The revelation of God in history, as Christians understand it, was originally recorded in Hebrew, Aramaic, and Greek by Jewish writers who represent a variety of cultures quite different from our own. We nonetheless understand God’s message of redemption in Christ through an English translation of the Bible, often the archaic King James translation, though we may not fully appreciate the nuances of the original documents. Problems of communication are compounded when Western missionaries bring the biblical message to primitive tribes.
In his book entitled Customs and Culture, Eugene Nida of the American Bible Society relates how a literal translation of biblical passages can convey misleading connotations to certain African tribes. The Kpelle of Liberia view the placing of palm branches in Jesus’ path (Matt. 21:8) as an insult, since their culture requires that all leaves be cleared from the path of any dignitary. The Zanaki of Tanganyika would regard Jesus’ knocking at a door (Rev. 3:20) as strange, since in their culture honest men call aloud at the door and the only ones who knock are thieves.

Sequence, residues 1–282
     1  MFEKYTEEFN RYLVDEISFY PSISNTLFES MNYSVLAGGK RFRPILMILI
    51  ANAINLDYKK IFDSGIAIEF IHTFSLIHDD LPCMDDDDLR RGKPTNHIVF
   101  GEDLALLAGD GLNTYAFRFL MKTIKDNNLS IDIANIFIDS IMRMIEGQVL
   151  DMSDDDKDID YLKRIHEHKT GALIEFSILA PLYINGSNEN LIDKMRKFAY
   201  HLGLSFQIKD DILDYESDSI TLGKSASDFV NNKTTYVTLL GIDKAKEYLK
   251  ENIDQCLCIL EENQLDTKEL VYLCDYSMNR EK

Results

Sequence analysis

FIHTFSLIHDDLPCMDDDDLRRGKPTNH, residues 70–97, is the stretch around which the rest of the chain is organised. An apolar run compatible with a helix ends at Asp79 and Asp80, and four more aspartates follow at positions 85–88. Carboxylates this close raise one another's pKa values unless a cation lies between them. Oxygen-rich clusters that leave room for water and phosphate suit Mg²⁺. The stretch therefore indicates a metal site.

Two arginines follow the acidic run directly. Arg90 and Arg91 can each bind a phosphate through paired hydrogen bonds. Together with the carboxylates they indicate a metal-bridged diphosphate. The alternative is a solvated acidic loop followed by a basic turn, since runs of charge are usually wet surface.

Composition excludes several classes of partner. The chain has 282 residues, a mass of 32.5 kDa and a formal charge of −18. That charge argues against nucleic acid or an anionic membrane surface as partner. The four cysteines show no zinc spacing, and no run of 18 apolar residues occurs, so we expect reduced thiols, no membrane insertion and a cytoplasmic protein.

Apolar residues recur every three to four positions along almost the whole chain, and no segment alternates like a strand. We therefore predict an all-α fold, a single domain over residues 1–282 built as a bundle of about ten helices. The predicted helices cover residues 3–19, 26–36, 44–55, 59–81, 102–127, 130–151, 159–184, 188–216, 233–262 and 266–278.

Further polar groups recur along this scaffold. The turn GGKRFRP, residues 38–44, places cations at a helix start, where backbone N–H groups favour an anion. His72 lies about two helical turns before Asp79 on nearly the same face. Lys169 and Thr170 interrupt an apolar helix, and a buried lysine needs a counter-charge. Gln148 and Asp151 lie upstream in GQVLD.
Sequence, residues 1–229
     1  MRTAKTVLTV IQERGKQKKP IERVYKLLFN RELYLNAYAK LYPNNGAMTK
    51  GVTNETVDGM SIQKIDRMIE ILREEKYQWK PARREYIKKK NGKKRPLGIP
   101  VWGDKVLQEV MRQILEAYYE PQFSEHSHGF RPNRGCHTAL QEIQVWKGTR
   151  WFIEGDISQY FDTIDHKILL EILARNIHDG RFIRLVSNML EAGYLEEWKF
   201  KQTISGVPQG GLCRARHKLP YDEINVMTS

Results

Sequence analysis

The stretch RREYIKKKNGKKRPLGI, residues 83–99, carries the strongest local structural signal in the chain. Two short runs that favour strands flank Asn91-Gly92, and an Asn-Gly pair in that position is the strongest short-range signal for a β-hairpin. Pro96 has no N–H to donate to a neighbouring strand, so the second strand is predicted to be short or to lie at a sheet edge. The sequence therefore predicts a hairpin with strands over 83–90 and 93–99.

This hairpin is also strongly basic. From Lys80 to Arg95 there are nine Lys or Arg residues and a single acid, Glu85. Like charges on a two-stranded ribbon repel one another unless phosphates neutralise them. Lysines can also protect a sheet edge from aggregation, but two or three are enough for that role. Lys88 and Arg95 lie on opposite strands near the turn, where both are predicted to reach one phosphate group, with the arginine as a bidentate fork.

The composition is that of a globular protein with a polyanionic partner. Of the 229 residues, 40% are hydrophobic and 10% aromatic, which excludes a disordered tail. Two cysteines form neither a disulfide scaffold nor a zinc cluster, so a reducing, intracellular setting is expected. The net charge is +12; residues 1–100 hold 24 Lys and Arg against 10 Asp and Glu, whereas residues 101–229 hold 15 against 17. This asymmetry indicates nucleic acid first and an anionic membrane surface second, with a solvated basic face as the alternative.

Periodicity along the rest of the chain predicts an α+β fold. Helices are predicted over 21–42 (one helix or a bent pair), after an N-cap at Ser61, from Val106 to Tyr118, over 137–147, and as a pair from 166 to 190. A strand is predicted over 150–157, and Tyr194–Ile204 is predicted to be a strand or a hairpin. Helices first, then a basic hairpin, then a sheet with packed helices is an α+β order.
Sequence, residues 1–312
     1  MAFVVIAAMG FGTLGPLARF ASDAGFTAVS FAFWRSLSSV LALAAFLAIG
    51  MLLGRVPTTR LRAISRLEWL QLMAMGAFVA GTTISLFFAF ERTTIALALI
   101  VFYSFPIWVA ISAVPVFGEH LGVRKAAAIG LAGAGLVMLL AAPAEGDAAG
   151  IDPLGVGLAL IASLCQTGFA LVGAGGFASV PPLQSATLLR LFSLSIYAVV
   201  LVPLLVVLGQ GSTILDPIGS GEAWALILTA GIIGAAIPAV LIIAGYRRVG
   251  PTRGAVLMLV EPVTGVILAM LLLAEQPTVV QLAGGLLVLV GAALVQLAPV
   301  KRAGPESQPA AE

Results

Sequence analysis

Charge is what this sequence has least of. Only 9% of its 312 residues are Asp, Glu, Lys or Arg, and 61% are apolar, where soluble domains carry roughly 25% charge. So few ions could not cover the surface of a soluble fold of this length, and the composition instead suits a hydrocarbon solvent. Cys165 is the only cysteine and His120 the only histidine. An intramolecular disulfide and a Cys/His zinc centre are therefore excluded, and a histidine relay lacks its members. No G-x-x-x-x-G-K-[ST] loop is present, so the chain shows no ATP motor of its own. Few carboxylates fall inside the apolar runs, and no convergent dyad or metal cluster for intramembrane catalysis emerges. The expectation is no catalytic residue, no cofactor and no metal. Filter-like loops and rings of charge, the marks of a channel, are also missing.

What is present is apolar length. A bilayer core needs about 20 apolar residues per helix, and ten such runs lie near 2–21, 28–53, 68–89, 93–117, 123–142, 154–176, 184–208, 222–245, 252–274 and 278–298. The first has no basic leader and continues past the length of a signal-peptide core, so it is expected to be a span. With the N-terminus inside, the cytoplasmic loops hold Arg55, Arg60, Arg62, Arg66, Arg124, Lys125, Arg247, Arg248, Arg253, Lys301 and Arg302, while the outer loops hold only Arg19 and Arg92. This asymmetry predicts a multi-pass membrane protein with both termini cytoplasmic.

Cultures as well as languages differ, and these differences pose problems for understanding, communicating, and applying the Christian message.
What Is Culture?
Modern anthropologists use the term “culture” to designate the distinctive way of life of a given society, including such things as their values, manners, morals, and artifacts. According to Kluckhohn:
Culture consists of patterns, explicit and implicit, of and for behavior, acquired and transmitted by symbols, constituting the distinctive achievements of human groups, including their embodiment in artifacts; the essential core of culture consists of traditional (i.e., historically ...1
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